The addiction of entrepreneurship
In this era of speaking about mental health checks and wellness positivity, what impact does entrepreneurship have on mental health? It's a well-known adage that ‘it's lonely at the top’ but launching a start-up and running a business is highly addictive. Sleepless nights, bad habits, and culture shocks all become par for the course and out the other side is a really lonely place.
Cult on how businesses should set better boundaries to improve mental health in the office.
The dictionary definition of addiction is ‘the fact or condition of being addicted to a particular substance, thing, or activity.’ Running a business is just like crack; you stay for the highs but need a radical coping mechanism to deal with the lows.
Seven years ago I started my first business. I had a business partner, two investors and no experience. I was eager and driven and brazen. I was comfortable with risk, I thrived with the constant stimulation and I embraced the unknown. Little did I know I’d lose myself along the way.
We spent the first year of running the business working every weekend. We stood up friends for dinner, our relationships suffered, and we stopped investing in ourselves, each time leaning on the excuse of the business. We made every mistake in the book. You soon learn to divorce the personal from the professional, you work on your business plans, your funding sources, your unique market positioning. And what do you forget? Yourself. Always yourself.
Cult is now six years old, but mental wellbeing didn’t headline our board meetings until about three years ago. In those crucial years the business was taking everything from us - all of our energy - leaving us like husks of our former selves, passively attending to friendships and well-meaning family relationships. I often joked the business was my first baby, with my son being my second.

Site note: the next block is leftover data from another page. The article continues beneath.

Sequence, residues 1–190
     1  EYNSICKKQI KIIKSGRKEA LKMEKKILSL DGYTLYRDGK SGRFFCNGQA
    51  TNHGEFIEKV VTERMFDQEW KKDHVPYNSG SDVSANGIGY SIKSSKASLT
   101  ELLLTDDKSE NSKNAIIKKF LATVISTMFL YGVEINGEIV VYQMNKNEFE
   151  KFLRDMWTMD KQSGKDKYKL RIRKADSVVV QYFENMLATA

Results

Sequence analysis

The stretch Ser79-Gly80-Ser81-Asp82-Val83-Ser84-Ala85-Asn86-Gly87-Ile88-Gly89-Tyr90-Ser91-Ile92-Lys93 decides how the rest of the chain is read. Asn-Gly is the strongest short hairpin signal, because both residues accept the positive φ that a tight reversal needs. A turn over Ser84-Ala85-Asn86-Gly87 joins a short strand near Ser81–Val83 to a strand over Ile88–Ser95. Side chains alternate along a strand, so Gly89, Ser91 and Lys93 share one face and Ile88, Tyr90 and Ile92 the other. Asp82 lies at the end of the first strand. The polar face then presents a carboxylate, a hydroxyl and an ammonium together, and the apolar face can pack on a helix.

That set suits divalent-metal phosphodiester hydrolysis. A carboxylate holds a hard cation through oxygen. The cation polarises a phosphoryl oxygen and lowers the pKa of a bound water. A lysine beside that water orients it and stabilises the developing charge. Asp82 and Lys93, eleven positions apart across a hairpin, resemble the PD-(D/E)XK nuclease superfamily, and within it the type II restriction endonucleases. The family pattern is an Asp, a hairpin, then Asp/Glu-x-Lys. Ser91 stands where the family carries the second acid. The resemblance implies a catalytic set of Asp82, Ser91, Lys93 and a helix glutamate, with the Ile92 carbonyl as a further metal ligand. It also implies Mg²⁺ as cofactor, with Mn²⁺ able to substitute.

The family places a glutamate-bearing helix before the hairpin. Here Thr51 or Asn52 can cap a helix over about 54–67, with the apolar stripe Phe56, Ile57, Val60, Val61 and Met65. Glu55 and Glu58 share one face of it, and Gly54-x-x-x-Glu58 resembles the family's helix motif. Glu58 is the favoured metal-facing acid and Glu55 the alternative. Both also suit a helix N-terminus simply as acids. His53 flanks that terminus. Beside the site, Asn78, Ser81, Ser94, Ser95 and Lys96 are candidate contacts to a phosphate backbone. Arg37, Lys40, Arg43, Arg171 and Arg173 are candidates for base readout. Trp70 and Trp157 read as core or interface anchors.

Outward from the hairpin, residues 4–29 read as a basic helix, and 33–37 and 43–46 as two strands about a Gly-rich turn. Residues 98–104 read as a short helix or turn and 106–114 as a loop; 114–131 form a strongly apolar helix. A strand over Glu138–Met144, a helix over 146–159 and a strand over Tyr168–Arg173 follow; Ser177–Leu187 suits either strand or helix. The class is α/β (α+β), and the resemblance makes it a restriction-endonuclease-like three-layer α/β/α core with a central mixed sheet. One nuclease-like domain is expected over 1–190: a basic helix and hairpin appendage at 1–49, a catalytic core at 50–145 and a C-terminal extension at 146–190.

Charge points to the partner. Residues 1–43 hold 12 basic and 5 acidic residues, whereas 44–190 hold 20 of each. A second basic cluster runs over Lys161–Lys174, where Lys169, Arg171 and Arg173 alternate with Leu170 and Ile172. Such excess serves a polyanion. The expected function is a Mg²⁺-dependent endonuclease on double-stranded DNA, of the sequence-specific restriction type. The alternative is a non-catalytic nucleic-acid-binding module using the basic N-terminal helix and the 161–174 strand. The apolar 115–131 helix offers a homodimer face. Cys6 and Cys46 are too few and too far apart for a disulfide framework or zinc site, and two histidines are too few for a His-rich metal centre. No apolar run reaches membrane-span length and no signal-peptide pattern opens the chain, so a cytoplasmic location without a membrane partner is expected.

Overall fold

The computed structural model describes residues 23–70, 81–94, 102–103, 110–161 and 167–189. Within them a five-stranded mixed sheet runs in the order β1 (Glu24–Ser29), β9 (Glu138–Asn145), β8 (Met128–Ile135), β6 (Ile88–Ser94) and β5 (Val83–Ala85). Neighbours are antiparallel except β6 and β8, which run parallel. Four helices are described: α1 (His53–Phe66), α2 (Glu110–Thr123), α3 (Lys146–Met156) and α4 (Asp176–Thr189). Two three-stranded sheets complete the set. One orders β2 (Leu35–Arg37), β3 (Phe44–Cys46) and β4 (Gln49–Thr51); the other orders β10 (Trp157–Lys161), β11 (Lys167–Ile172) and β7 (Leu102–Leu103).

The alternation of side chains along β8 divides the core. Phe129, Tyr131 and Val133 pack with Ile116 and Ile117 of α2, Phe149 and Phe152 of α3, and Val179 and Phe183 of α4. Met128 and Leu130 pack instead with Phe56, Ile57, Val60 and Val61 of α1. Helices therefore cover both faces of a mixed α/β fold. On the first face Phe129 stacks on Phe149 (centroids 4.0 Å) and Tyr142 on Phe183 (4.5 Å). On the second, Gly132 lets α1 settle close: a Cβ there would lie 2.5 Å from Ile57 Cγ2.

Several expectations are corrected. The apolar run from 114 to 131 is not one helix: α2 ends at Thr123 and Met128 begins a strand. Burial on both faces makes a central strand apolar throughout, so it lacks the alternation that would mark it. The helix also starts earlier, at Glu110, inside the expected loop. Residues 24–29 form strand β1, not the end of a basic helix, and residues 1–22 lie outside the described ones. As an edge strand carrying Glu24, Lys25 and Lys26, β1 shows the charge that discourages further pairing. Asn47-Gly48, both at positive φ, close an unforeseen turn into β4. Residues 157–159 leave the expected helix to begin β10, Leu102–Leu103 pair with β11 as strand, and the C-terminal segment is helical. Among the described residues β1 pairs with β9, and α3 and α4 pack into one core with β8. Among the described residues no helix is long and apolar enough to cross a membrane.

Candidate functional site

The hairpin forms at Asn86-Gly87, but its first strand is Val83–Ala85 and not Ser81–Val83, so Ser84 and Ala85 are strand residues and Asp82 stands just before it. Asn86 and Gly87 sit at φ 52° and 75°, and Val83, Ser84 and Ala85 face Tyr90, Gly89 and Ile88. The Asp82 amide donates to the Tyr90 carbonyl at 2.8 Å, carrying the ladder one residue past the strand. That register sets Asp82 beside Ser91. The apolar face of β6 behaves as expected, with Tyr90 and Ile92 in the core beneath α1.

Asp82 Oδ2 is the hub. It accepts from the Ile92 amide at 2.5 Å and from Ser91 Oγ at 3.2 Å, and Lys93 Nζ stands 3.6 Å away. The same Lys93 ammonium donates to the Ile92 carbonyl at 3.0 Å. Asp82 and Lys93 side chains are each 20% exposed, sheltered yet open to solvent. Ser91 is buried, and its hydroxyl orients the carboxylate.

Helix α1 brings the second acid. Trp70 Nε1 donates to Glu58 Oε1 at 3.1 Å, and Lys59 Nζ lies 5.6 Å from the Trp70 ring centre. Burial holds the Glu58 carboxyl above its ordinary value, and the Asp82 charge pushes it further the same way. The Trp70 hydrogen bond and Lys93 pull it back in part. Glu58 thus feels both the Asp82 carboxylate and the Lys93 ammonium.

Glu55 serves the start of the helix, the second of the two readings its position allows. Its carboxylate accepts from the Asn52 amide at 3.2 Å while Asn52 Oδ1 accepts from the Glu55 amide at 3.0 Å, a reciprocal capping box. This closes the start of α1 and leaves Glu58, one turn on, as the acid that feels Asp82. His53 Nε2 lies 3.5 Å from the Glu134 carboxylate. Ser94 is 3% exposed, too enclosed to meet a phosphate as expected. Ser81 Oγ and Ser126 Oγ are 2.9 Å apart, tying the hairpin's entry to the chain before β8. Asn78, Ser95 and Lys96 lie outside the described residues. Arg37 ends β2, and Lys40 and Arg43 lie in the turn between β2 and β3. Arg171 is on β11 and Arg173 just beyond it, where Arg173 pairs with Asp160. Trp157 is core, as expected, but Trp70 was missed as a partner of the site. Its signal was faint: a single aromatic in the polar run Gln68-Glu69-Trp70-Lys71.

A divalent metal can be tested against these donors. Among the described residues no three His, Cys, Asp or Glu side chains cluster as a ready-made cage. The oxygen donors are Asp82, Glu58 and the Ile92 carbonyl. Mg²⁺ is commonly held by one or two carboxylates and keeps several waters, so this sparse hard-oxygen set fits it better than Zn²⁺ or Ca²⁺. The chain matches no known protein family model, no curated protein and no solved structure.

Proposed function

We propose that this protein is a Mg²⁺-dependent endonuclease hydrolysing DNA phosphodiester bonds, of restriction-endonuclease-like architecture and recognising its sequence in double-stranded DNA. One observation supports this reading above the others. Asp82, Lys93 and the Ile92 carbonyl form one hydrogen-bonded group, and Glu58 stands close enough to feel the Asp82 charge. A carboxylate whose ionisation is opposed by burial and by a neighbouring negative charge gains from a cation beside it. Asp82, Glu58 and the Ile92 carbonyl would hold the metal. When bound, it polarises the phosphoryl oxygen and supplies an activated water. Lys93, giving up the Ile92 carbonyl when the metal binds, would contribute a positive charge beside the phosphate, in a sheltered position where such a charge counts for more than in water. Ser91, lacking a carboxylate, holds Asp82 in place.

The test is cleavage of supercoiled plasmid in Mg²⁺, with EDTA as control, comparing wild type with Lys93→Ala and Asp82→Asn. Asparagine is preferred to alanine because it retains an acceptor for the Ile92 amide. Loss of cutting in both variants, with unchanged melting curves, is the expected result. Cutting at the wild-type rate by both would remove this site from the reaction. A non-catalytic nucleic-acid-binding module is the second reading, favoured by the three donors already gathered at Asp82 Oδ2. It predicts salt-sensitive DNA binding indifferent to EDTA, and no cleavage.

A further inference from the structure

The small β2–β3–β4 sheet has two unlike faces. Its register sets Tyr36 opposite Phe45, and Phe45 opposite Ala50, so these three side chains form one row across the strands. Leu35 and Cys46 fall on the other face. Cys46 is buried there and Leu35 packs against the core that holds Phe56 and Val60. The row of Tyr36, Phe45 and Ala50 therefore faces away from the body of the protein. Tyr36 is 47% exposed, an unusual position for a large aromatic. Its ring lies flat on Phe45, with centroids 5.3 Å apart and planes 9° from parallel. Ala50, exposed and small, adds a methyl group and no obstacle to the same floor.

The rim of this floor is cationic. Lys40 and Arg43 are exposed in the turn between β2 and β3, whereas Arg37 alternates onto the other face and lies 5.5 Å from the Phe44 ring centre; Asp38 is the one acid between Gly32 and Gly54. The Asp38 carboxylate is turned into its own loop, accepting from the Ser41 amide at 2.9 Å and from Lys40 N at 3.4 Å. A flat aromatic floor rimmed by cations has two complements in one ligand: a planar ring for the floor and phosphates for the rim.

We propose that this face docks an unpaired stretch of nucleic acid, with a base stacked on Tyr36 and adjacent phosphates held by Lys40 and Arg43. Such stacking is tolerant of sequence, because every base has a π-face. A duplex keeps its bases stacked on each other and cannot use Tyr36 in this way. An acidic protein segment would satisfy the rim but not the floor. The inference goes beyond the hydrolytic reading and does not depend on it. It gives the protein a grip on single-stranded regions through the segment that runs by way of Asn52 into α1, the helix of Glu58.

What was I thinking?
It's no joke; entrepreneurship is addictive. It’s akin, I believe, to a substance abuse problem - rip-roaring highs and gut-wrenching lows.
Embracing the unknown
According to a recent poll by mental health charity Mind, the most stressful thoughts in people’s minds relate to work. One in three people (34%) say their work life was either very or quite stressful, more so than debt or financial problems (30%) or health (17%). For this reason, it makes ethical sense that employers should shoulder some of the responsibility of taking care of their people and reducing their stress levels.
If you’re struggling with mental health, it doesn't often have an obvious tell. Yet when you’re not coping negative mental health shows in your work, your relationships with colleagues, it impacts your creativity and leaves you indecisive and fragile… not the attributes you need to sustain a dynamic business. It's very hard to deliver your best when you’re feeling your worst.
You can’t know people’s internal battles, unless you stop and ask - there must be an authentic safe space for them to communicate, release and reset. When you’re at the top, the only person who can do that for you, is you.
So I broke my addiction. I set boundaries for my life, I focused on my strengths, I celebrated the power of ‘no’ and slowly learned who I was again.
I had to go out on a limb to invest in my mental health wellness. The entrepreneurial mindset is about an inherent need to improve your skill set and to try and try again. Focusing on your personal mental health can feel counterintuitive to growth, internal change is often glacially slow and takes a while to manifest on the outside, but it’s an essential part of maturing as an entrepreneur. It takes bravery to expose yourself and speak your truth - but it is fundamental to being a great creative, an inspiring leader, a loving partner and a patient mum.